My laboratory studies the molecular and cellular mechanisms underlying the generation of anti-tumor immunity. We have demonstrated that vaccination with irradiated tumor cells engineered to secrete GM-CSF stimulates potent, specific, and long-lasting anti-tumor immunity in murine models and patients with diverse hematologic and solid malignancies. CTLA-4 antibody blockade further increases anti-tumor memory responses. To identify the target antigens underlying tumor destruction, we used sera and T cells from vaccinated patients to screen tumor cell-derived cDNA expression libraries. Several rejection antigens with critical roles in transformation have been characterized thus far, including a novel inhibitor of apoptosis protein, angiogenic cytokines, and components of the NKG2D pathway. Efforts to characterize the therapy-induced antibodies with functional activity are underway. We are also developing new cancer vaccine platforms using engineered material scaffolds and small molecule inhibitors of the IAP family.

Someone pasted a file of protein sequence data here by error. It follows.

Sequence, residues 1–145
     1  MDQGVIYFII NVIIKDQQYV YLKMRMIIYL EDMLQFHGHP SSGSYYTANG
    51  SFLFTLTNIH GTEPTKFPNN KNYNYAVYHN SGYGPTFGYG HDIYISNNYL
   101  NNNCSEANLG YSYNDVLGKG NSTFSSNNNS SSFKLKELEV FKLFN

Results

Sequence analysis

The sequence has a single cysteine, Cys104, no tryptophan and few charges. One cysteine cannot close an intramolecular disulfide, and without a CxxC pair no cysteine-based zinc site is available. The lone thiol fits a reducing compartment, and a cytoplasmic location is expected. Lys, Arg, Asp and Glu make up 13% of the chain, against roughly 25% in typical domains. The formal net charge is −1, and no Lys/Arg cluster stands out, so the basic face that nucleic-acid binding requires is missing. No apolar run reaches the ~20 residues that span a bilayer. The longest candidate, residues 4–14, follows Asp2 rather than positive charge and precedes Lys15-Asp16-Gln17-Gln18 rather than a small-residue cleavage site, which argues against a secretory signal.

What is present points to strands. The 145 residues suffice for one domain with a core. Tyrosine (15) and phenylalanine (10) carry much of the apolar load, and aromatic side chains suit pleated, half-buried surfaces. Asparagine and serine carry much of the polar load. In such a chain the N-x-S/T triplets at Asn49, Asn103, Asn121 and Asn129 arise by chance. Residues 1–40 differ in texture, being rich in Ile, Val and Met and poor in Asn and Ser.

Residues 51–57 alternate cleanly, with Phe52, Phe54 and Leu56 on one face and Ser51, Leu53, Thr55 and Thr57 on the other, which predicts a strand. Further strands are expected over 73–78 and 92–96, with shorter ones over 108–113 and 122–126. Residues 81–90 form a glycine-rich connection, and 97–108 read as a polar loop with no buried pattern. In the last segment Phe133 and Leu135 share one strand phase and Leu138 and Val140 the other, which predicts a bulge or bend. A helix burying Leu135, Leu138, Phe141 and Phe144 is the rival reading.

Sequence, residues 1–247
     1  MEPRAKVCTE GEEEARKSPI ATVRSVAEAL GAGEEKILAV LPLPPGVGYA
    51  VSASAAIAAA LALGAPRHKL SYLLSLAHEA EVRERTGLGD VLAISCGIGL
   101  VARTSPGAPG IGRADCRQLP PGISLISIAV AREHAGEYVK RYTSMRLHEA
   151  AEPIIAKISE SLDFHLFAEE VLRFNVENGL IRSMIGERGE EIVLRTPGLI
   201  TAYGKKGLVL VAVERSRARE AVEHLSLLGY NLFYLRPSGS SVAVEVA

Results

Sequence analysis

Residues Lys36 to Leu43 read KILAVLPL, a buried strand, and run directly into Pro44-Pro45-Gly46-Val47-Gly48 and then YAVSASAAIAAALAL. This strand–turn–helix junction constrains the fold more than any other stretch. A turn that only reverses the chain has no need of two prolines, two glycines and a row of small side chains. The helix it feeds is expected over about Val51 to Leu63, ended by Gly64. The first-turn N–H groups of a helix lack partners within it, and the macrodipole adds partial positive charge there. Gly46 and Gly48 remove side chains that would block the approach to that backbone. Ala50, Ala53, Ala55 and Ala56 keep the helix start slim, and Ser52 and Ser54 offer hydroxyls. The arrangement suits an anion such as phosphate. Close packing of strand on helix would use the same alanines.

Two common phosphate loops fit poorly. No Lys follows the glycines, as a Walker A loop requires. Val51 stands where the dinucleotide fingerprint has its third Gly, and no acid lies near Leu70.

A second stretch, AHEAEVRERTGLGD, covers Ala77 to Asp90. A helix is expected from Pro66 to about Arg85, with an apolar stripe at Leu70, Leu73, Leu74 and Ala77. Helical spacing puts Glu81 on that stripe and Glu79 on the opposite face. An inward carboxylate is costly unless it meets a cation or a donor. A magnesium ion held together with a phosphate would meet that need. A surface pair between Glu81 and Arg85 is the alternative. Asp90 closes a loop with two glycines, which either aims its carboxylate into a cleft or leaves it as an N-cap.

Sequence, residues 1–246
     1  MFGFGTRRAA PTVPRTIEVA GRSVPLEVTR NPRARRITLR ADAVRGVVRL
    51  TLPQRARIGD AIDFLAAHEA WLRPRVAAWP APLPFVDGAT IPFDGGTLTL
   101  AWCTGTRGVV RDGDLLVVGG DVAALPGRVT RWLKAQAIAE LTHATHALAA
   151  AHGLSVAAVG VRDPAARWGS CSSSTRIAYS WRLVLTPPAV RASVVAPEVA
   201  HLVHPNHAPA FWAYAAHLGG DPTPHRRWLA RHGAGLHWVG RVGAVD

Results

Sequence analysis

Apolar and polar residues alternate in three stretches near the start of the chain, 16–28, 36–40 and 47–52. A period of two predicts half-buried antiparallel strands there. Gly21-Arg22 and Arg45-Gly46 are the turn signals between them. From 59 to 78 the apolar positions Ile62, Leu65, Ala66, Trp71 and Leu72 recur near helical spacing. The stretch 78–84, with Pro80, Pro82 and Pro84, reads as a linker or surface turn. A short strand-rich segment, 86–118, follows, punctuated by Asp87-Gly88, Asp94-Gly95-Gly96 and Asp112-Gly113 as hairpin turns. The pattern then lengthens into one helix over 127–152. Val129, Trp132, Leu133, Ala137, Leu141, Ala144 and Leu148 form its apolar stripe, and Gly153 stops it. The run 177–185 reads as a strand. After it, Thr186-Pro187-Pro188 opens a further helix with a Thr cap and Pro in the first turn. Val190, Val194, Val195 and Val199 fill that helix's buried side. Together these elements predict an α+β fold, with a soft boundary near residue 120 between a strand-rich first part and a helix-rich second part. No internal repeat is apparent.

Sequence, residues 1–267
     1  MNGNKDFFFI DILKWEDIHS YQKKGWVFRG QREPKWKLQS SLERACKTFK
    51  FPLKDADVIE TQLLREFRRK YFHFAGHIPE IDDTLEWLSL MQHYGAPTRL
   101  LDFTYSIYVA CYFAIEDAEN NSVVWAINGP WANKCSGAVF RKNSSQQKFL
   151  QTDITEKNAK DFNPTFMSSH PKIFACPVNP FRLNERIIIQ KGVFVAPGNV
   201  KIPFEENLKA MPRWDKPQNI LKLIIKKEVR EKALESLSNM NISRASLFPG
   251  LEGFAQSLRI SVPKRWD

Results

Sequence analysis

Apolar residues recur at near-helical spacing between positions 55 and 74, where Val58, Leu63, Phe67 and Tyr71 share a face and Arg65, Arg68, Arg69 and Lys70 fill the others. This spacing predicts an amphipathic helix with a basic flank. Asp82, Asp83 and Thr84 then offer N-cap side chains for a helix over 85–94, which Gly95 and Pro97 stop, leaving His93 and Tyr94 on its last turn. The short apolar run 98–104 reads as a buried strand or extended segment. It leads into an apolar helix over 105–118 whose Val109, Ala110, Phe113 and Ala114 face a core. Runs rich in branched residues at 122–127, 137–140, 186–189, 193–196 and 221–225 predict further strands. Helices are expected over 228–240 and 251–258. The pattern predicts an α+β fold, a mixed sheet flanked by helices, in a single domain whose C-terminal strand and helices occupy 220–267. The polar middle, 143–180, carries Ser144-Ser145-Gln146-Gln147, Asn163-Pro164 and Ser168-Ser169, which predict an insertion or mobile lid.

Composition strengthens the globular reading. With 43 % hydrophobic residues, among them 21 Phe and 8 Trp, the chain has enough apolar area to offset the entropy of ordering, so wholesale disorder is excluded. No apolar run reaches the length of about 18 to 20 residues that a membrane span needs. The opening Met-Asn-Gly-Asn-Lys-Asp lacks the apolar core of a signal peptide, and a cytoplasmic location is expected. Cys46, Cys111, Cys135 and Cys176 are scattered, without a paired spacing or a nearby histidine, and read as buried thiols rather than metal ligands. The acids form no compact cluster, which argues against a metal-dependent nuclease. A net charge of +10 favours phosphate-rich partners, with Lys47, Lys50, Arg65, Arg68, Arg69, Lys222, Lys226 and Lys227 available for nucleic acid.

We have also generated mice lacking GM-CSF, interleukin-3, and interferon-gamma through gene targeting techniques. These animals spontaneously develop at high frequency hematologic and solid neoplasms within a background of persistent infection and inflammation. Mechanistic studies have revealed dual roles for immunity in tumor promotion and protection in this system.